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Germany Deadlocked Post Sept 18 Election; Could Leave Nuclear Phase-Out Untouched

A hotly contested election in Germany on Sept 18, 2005, will have repercussions for the eventual
elimination of nuclear power and the long-lived poison wastes generated by this ultimately toxic
technology. Conservative Angela Merkel has not
attained a majority, leaving the nation deadlocked as negotiations fray…..

Yes, Germany experienced perhaps the
most important election of any contended
worldwide in the year 2005. However, no
clear majority emerged
from the votes cast on September 18th,
with both leading candidates claiming
a mandate for leadership henceforth.

Meetings were arranged, but neither
the country’s probable first woman
Chancellor, conservative Angela Merkel,
nor ex-current Chancellor Gerhard Schrˆder
could come up with enough marbles
to step onto the governmental throne.

“”Differences of opinion between the two sides
were massive,” Merkel said after the
discussions, which were aimed at working
out how to end the debilitating political
stalemate caused by Sunday’s inconclusive
general election.”
as reported on the webpage,1564,1719068,00.html

“One proposal has been for the Christian
Democrats to join with the FDP and the
Greens in a coalition dubbed “Jamaica”
because the parties’ black, yellow and
green colors would match the Caribbean
nation’s flag.”

The Christian Democrats are/is Merkel’s
conservative party. FDP is the abbreviation
for the free-market liberal Free Democratic
Party that stands at the ready with Merkel
to run the nation in a coalition. The Greens
are environmentally monikerred, and have
been the party in coalition with Schroeder’s
Social Democrats running Germany until
this election.

A next meeting is arranged for Wednesday
the 28th of September to possibly
arrange a “grand coalition” of both the
leading parties, and their smaller other
supporting parties.

“A poll released on Thursday by the
Emnid institute showed 47 percent of
Germans would like to see Merkel lead
a grand coalition, against 44 percent for

Before her talks with Schrˆder’s party,
Merkel had held early discussions with
the Free Democrats. Bidding to keep alive
her ambition of becoming the country’s
first woman leader, Merkel said afterwards
that the Christian Democrats would not
accept the formation of a minority government.”

That means ruling with just the coalition she
has, currently constituting a minority.

Why was this election so important?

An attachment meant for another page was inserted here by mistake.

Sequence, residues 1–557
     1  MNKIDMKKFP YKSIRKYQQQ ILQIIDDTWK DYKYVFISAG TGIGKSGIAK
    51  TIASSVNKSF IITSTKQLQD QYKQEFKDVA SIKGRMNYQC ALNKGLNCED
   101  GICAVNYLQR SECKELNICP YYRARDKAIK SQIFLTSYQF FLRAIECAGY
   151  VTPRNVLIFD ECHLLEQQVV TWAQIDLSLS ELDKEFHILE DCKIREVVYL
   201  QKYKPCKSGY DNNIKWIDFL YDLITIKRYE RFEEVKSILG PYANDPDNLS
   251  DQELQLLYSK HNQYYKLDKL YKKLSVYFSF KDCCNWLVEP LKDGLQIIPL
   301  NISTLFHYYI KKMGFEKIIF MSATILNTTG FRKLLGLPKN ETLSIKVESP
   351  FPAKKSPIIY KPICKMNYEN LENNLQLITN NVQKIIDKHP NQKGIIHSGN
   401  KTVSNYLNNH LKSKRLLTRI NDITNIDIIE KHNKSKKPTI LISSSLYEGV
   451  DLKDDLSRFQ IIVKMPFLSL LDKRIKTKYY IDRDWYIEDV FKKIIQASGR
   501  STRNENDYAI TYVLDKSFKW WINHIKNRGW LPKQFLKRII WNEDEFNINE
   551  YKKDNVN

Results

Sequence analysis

Because as ignoramuses claim that
“Nukes Are Green,” and our country
gives away $13 billion to the nuclear industry
to construct more nuclear plants, pretending
they are safe and wonderful, while
they spew out their radioactive poisons daily
into the water and the air from our 103-plus
nuclear facilities, Germany has in place the
arranged phase-out of their 24 nuclear plants.
How can they do that? you might ask.

Answer: They have all that windpower: 14,000 plus megawatts, equal to
fourteen 1000-megawatt nuclear plants, less
the inherent long-lived dangers of
nuclear waste, accidents, storage, terrorism.
And each year the amount of wind power
generation is growing, at an increasing rate of
over 1000 additional megawatts
of more windpower. Prime Minister Schroeder,
and his partyís coalition with the
Green party, set up the phase-out several years ago.

But there are economic problems in Germany, and Germans seem to be unsure about their
future. A month or so ago, it looked like current
Prime Minister Schroeder was definitely
on his way out. But after a debate with
Angela Merkel, a poll taken on September 9, 2005
showed that her conservative Christian Democrats (CDU) and sister party the Christian
Social Union (CSU) are down two percent
to 41 percent and their Free Democrats (FDP) allies
are steady at 7 percent. In other words, if you add up those two numbers, it is not a majority
at the present time. 48% is the total.

However, there were large numbers of voters that remained undecided as Germany went into
the last week of campaigning. Much of these were younger people.

Schroeder’s Social Democratic Party or “SPD” scored 34 percent, up three points,
in the September 9 poll, and his coalition partners, the Greens scored 7 percent, while the new
Left Party scored 8 percent. If you add these three numbers up, you would get
49%. Then, you should know that Schroeder
and his pre-election coalition insisted they would not
work with the new Left Party, made up of “former communists and other leftists
spearheaded by former German Finance
Minister Oskar Lafontaine, a Schroeder ally
turned enemy.”

That doinked the total for Schroeder
and the Greens down to 41%.

A curious thing is that Schroederís personal
popularity ranks “well ahead of his
rivals, with 53 percent of those surveyed saying they would prefer him
as Chancellor against 40 percent for Merkel,
although 54 percent are dissatisfied
with the current government.”

In another article quoted in the above paragraph, webpaged:

it is noted that “the election has so far